So this is really a new phase of vaccination. You know, we in the beginning, the very first phase was huge demand and very limited supply, and then more and more people have become eligible. And we have vaccinated a tremendous number of folks in the county through these large clinics, bringing folks to the places where we could vaccinate very quickly and efficiently. We could vaccinate, you know, more than 1,000 folks a day if we had the vaccine supply from the state and federal government. So where we're at now is, so many people have been vaccinated, those who haven't yet maybe have some scheduling issues or transportation issues or aren't able and haven't been able to get to those clinics at the times that they've been available. So what we're looking at now is really pivoting to be able to deliver vaccines more consistently, but on a little smaller scale. So we're looking at pop-up clinics in neighborhood locations, where it might be easier to walk to get your vaccine. And we are also, as we announced late last week, we are starting to offer vaccinations every day of the week at our testing centers. So we have three testing centers in Pittsfield, North Adams and Great Barrington, and we opened the testing center for both scheduled appointments and walk-in appointments at our Pittsfield location. We saw a tremendous number of appointments this morning at that location. So the Pittsfield center will be open seven days a week, same as our testing center hours, and you can get in there from 8:30 in the morning up until 7:30 at night by partnering with our urgent care center. So you'll be able to get a vaccine at any of those hours. And we're hoping that folks can either schedule or walk in at a time that works for them.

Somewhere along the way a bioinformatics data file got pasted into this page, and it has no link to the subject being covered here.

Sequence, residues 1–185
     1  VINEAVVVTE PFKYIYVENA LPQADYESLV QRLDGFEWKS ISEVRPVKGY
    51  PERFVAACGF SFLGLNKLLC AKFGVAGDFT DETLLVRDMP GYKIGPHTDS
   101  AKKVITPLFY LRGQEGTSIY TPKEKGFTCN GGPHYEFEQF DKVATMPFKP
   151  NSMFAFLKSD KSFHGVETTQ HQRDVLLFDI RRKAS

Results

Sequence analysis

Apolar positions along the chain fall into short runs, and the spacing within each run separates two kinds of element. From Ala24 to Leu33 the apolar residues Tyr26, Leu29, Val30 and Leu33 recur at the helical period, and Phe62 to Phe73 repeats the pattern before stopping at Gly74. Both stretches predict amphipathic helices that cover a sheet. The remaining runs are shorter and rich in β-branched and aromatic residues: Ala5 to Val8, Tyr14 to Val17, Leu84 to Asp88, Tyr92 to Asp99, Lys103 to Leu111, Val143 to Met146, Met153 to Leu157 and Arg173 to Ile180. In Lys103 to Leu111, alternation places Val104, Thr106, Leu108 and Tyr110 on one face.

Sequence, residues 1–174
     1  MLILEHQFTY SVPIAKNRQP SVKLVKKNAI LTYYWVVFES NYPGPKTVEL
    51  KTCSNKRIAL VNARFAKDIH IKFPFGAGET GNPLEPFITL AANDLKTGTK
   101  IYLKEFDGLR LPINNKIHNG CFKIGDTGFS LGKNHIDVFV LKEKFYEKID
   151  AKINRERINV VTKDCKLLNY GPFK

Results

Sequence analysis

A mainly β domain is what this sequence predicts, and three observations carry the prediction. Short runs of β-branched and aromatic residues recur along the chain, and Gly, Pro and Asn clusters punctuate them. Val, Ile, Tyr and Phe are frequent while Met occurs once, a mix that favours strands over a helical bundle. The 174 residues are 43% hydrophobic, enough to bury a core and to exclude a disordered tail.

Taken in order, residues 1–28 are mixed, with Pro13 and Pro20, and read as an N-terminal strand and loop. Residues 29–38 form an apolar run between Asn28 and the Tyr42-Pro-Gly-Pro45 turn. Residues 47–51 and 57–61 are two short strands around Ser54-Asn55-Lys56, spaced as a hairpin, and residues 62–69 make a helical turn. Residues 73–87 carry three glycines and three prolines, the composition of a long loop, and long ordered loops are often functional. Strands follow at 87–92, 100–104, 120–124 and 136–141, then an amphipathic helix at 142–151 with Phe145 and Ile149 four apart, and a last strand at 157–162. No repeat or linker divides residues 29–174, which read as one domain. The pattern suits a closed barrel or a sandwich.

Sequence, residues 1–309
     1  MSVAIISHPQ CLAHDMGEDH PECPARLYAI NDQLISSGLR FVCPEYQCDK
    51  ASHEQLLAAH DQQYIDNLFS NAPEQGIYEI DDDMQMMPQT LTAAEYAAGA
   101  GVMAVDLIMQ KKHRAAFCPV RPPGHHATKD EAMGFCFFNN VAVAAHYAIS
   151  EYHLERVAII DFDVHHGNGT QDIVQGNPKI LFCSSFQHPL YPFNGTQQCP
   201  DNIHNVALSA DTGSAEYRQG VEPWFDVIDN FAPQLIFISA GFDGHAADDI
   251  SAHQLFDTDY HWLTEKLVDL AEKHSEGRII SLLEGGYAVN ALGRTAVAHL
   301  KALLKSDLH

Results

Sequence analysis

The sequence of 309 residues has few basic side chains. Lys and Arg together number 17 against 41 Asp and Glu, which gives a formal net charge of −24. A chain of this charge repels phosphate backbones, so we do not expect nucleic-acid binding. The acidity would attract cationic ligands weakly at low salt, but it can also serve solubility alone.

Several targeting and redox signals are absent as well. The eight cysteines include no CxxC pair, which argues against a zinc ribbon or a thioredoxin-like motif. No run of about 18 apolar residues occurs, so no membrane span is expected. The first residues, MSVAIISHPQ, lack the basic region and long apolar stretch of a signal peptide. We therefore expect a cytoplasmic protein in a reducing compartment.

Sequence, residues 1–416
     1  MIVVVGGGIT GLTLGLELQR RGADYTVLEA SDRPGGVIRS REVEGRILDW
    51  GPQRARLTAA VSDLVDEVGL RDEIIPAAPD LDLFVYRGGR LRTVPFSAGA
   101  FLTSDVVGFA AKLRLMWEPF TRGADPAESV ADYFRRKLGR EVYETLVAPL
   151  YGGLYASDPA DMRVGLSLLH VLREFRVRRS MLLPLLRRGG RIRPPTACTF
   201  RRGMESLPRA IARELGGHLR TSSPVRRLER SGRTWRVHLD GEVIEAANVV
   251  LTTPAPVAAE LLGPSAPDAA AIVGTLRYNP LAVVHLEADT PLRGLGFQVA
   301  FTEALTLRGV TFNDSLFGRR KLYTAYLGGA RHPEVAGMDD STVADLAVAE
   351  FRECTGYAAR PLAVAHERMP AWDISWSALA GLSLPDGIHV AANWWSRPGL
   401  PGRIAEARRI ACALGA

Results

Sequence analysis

At State House hearings chaired by Western Mass State Senator Adam Hinds, we've heard testimony from experts at Harvard about equity issues in health data reporting and vaccine distribution reporting. At this point with the remaining population that remains unvaccinated, are those concerns being taken into account as the collaborative moves forward?